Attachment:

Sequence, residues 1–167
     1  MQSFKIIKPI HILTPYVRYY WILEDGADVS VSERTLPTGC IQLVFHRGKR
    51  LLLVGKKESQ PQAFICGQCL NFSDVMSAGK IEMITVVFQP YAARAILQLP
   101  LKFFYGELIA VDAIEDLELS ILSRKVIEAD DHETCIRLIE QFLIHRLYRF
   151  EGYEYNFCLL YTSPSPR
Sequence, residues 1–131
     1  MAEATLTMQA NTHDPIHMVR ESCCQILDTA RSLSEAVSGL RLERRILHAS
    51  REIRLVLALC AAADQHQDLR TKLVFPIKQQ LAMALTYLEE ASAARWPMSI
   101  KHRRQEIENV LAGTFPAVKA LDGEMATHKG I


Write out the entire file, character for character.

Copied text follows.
Sequence, residues 1–167
     1  MQSFKIIKPI HILTPYVRYY WILEDGADVS VSERTLPTGC IQLVFHRGKR
    51  LLLVGKKESQ PQAFICGQCL NFSDVMSAGK IEMITVVFQP YAARAILQLP
   101  LKFFYGELIA VDAIEDLELS ILSRKVIEAD DHETCIRLIE QFLIHRLYRF
   151  EGYEYNFCLL YTSPSPR
Sequence, residues 1–131
     1  MAEATLTMQA NTHDPIHMVR ESCCQILDTA RSLSEAVSGL RLERRILHAS
    51  REIRLVLALC AAADQHQDLR TKLVFPIKQQ LAMALTYLEE ASAARWPMSI
   101  KHRRQEIENV LAGTFPAVKA LDGEMATHKG I